Crisis Rises, Air Pollution Drops?

Armed conflict and economic recession in the Middle East brought an unexpected decline in air pollution, researchers say.
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Armed conflict and economic recession in the Middle East brought an unexpected decline in air pollution, researchers say.
People in Douma, Syria, rush away from an airstrike in 2014. (Photo: Freedom House/Flickr)

People in Douma, Syria, rush away from an airstrike in 2014. (Photo: Freedom House/Flickr)

There's been talk for a while now that climate change could bring with it droughts, economic collapse, and maybe armed conflict. One recent study claimed that climate change might have even precipitated the Syrian civil war. But, according to a new report in Science Advances, it seems this cause and effect relationships works the other way too: Social and economic upheaval appears to cut air pollution.

"You're quite aware the Middle East is a region that catches a lot of attention with political problems and upheaval and armed conflict," Jos Lelieveld, lead author of the new study and a professor at the Max Planck Institute for Chemistry in Mainz, Germany, told reporters during a Thursday morning press conference. "But although atmospheric and environmental changes in the Middle East have not particularly been in the center of attention, they're actually also quite remarkable, and we now find that there are clear links between these two."

Economic sanctions in Iran led to reduced air pollution, likely because those sanctions reduced the number of oil tankers traveling through the Persian Gulf.

Since 2005, Lelieveld and his colleagues have used instruments onboard a NASA satellite to track levels of nitrogen dioxide, which helps produce ozone in the atmosphere and disperses energy from the sun, throughout the Middle East. From 2005 to 2010, Lelieveld said, "the Middle East has been one of the regions with the fastest-growing air pollution emissions." In Riyadh, Saudi Arabia, for example, nitrogen dioxide levels increased nearly 25 percent, and they increased by more than half in Tehran, Iran, by 2011—increases likely brought on by growing shipping and transportation in rapidly expanding economies.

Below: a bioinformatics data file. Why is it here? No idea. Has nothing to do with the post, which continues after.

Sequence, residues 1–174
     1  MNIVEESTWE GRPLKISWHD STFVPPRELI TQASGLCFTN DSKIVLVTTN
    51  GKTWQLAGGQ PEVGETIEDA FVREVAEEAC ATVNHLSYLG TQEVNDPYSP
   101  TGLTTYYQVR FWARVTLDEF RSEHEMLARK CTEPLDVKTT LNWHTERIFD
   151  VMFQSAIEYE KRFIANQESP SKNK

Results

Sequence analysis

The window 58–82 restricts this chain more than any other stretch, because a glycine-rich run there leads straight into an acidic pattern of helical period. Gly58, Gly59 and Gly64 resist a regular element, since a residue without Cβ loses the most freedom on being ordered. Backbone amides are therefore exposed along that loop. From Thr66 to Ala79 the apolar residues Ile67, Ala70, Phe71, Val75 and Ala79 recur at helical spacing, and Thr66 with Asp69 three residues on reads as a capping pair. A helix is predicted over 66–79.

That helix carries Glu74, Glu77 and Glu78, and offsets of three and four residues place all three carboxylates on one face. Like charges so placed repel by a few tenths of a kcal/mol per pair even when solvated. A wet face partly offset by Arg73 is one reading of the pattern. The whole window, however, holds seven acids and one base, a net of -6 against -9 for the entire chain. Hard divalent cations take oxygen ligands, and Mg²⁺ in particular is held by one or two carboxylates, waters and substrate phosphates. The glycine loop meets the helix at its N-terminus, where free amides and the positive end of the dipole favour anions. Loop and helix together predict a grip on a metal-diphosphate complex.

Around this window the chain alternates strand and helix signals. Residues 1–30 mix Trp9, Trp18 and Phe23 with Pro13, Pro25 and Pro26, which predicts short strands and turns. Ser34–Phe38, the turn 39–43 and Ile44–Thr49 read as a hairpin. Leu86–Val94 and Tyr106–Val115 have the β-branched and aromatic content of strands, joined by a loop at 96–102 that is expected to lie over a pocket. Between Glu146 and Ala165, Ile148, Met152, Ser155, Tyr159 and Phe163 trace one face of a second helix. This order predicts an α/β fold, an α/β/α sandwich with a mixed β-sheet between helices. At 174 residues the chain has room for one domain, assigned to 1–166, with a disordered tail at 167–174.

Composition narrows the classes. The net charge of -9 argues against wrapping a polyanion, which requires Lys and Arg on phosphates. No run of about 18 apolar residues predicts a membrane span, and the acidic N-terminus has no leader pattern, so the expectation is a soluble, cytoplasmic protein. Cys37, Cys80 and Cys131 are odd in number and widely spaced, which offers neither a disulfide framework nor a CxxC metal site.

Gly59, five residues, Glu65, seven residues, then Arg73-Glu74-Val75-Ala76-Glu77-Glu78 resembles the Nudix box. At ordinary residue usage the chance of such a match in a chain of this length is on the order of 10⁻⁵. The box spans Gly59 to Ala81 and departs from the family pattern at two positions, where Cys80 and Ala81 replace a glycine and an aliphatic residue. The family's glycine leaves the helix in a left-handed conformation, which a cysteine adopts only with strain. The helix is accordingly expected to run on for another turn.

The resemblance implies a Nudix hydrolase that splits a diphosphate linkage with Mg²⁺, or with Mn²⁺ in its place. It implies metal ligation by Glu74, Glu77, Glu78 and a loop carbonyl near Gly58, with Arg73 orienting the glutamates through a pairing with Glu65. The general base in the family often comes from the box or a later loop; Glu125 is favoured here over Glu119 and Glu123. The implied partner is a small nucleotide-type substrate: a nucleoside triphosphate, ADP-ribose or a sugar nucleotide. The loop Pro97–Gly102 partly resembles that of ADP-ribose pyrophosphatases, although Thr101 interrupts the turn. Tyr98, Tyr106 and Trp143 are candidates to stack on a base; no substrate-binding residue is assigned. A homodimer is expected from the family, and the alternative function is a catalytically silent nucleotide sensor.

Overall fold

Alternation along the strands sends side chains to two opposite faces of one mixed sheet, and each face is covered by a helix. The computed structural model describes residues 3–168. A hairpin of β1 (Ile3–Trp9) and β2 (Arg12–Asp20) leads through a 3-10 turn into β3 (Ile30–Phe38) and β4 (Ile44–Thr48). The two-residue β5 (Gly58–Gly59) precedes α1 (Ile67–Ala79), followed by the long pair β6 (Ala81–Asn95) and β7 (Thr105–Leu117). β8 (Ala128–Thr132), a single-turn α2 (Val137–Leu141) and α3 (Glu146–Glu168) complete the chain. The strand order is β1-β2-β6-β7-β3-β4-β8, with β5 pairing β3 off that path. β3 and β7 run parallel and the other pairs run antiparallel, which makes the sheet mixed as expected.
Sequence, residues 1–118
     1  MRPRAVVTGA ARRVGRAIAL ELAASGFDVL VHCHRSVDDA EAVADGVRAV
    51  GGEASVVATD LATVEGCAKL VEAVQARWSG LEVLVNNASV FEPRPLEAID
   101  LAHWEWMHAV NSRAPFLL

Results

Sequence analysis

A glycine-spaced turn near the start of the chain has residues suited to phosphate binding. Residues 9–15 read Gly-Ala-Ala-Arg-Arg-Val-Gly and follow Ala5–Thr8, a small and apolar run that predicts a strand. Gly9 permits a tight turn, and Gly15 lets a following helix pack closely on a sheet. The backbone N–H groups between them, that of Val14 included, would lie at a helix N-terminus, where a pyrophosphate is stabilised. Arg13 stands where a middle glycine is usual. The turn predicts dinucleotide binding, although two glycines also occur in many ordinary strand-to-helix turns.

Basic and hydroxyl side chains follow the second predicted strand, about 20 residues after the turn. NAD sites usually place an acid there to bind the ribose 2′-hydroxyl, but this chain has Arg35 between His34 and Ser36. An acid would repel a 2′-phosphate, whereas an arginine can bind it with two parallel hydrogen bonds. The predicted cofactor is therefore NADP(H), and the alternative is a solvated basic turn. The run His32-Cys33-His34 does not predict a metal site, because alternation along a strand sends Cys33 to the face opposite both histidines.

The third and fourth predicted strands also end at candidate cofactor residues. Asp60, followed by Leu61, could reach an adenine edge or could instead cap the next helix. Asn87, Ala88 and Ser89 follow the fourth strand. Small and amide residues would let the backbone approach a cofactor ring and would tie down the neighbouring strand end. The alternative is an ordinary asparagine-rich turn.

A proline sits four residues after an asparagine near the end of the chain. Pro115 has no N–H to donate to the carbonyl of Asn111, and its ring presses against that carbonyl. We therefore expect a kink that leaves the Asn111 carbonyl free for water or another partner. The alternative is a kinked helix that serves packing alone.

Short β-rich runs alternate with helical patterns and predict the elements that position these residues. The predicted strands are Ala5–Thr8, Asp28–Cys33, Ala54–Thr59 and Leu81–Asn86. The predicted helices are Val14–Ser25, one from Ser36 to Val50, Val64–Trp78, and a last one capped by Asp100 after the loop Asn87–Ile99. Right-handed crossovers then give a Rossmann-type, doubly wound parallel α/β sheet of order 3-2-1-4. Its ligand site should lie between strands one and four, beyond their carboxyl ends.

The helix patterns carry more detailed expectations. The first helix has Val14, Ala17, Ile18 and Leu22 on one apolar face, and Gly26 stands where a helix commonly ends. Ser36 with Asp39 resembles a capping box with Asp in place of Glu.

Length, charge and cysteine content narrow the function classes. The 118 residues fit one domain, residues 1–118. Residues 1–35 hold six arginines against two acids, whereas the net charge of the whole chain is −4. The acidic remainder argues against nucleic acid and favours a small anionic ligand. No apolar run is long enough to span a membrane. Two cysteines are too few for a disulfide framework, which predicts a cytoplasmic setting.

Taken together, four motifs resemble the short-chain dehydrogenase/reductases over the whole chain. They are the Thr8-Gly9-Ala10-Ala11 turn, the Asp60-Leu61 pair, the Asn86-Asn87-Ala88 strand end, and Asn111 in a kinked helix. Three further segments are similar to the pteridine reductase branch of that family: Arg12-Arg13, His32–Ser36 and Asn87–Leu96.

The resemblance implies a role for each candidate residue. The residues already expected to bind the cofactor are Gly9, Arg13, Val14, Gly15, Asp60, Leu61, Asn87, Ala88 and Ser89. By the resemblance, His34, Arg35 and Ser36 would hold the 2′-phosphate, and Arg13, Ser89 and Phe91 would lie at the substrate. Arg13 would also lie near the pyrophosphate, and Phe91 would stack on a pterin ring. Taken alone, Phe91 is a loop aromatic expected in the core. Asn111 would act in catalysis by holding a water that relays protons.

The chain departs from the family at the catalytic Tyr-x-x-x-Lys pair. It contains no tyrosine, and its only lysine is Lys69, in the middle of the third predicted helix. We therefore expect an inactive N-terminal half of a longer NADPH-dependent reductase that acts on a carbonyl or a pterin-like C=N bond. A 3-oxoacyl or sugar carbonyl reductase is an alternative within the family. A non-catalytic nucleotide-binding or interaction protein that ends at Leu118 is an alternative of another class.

But around 2010, that trend began to level off, or sometimes even reverse. By 2014, Riyadh was almost back to 2005 nitrogen oxide levels, and there were similar reversals in Cairo, Tehran, and several other cities in the region.

What happened? By examining a variety of economic and political factors, Lelieveld said, the team pieced together rough explanations for the patterns they found. For example, clean-air regulations in Greece appear to have led nitrogen dioxide emissions to grow slowly until 2008, but emissions dropped sharply afterward, corresponding to the beginning of the country's financial and economic crisis. Similarly, economic sanctions in Iran led to reduced air pollution, likely because those sanctions reduced the number of oil tankers traveling through the Persian Gulf.

Political unrest also played a significant role, the researchers argue. The civil war in Syria, for instance, forced millions to flee to nearby countries and, in turn, led to sharp nitrogen dioxide declines in one of the largest cities, Aleppo. Something similar happened in Iraq, Lelieveld and his team say, where Islamic State occupations in Tikrit and Samarra have indirectly cut air pollution.

"It is tragic that some of the observed [nitrogen dioxide] trends are associated with humanitarian catastrophes," the researchers write, though Lelieveld posited that the data will at least help researchers improve climate models and aid policymakers grappling with how to mitigate climate change.

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